• Limit going out to restaurants‚ or stop altogether. If you cannot stop going to restaurants, call ahead (or look online or on the restaurant’s app) to order take out and see if they can deliver curbside.
  • Here’s a really hard one—family visits: Keep them small—one or two people at a time. Ask everyone who feels unwell, has come into contact with people with the virus, or has any symptoms to stay away. Ask all others to follow the same safety rules you are (wash hands). No grandkid visits.
  • Do not Shake Hands. Avoid direct skin-to-skin physical contact. Wave; nod; bow; give the peace sign. But don’t touch. Do an elbow bump, if you’re both in sleeves. And fist bumps? That’s skin-to-skin, too. So don’t.

More Home Engagement Opportunities. If you have relied on outings—like those listed above—as a way to keep your person pleasantly occupied during the day, then removing them from the schedule means you have to fill in those times with other engaging tasks and activities. So, plan for that. Consider the kinds of at-home activities that seem to please and engage your person. Are there ways to repeat such activities over the course of a day? Are there similar kinds of activities you might try (if the person enjoys helping with cooking, might s/he enjoy helping with the laundry)? Try new things out and add those to your toolbox that you see to be working well.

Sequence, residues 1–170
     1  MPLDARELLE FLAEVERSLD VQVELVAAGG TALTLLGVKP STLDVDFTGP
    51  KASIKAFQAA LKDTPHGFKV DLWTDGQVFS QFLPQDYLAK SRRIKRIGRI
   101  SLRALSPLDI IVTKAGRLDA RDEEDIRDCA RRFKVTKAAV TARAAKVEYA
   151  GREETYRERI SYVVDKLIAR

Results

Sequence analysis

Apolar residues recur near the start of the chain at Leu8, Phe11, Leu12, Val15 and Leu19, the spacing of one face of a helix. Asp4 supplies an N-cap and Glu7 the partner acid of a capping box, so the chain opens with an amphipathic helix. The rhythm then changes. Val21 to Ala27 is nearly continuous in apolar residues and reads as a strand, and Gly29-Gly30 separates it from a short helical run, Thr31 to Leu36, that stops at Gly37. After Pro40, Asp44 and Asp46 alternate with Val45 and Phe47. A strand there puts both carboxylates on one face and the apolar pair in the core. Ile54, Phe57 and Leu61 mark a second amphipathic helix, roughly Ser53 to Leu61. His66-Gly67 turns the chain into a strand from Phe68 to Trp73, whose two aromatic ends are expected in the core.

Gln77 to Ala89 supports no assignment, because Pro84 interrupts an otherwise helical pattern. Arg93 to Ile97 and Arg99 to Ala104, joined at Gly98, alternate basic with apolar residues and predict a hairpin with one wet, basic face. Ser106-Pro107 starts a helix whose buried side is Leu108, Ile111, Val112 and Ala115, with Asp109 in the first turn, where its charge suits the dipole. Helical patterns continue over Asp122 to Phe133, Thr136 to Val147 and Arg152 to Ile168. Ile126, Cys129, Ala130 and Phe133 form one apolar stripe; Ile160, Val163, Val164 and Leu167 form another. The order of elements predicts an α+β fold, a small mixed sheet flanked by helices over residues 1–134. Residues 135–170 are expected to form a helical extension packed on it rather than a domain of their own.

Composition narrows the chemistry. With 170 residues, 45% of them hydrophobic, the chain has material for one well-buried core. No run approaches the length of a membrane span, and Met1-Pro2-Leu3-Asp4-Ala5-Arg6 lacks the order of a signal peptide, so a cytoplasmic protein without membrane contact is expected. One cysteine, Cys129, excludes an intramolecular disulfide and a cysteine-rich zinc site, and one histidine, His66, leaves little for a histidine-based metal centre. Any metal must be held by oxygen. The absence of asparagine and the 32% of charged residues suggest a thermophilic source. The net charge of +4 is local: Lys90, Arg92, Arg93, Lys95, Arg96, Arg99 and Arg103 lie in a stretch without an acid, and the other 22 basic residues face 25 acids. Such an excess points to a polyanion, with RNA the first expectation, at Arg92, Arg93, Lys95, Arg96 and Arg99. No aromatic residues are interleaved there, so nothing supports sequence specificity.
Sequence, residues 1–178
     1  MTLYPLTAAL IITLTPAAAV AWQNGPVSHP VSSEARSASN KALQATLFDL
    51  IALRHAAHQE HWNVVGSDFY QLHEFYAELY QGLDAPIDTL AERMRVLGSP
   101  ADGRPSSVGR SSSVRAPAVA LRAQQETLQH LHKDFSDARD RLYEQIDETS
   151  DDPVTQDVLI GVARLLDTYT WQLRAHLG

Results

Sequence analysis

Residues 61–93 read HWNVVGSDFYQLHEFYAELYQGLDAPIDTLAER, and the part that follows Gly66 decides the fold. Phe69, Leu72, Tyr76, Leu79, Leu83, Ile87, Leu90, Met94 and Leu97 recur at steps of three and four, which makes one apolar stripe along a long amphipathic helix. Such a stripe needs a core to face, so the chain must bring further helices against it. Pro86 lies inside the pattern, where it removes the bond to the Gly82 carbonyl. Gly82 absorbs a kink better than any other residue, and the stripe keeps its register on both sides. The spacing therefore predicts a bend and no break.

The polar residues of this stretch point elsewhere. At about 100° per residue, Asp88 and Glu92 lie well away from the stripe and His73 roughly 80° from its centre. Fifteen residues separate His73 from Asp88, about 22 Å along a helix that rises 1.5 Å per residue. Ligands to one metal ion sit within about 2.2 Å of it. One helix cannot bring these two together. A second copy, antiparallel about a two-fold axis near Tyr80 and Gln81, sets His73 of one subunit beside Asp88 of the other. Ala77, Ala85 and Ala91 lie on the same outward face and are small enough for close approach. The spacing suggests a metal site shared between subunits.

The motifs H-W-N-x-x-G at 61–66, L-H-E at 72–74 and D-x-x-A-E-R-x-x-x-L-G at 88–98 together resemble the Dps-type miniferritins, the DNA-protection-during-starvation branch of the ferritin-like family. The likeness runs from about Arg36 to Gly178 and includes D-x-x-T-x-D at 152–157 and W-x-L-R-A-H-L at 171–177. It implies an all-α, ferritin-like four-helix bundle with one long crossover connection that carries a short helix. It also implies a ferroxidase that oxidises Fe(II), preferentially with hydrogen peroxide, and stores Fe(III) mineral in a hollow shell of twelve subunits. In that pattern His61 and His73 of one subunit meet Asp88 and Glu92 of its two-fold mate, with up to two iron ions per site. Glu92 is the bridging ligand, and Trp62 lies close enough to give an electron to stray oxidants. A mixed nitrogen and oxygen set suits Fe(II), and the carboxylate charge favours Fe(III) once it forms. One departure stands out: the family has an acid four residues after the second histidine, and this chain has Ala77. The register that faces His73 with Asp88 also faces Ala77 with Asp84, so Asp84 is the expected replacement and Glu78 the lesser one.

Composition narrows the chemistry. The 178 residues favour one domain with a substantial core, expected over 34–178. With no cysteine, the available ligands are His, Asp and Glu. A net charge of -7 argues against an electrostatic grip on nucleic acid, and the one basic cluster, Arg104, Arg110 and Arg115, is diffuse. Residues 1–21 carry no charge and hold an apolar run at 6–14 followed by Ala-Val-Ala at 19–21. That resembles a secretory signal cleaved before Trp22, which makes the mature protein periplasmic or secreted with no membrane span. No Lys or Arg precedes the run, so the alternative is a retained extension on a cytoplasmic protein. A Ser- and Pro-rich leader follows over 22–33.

Pay Attention to Your Own Isolation. If following the “rules” means you are finding yourself more homebound, be sure to check to see how this is making you feel. Take some preventive steps before you begin to feel a sense of being isolated. Make arrangements with family, neighbors and friends to have regular contact. Phone and FaceTime calls can be helpful. If you do take walks with your person, invite another person along. If a friend or family member can come in to be with your person for brief periods of time, seek and accept that help, and take yourself for an outing—observing all the rules when you return (and also the advice about having help come in).

Help from Outside the Home. If you have someone coming into the home to help care for your person, then the general rules should apply to them as well. The person should adhere to hand washing rules, be urged to follow good self-care procedures, and monitor him/herself for symptoms of COVID-19. If a home health care worker comes to your home and also visits other homes, ask to review the procedures she or he has in place to prevent the spread of COVID-19 to their clients.

Medical Care. You are very likely in a position where you have to manage your person’s routine and chronic health care as well as to respond to changes in condition or react in an emergency situation. It’s important to recognize that, with COVID-19, you need to have a plan for how to handle some medical situations that might arise in the course of caregiving.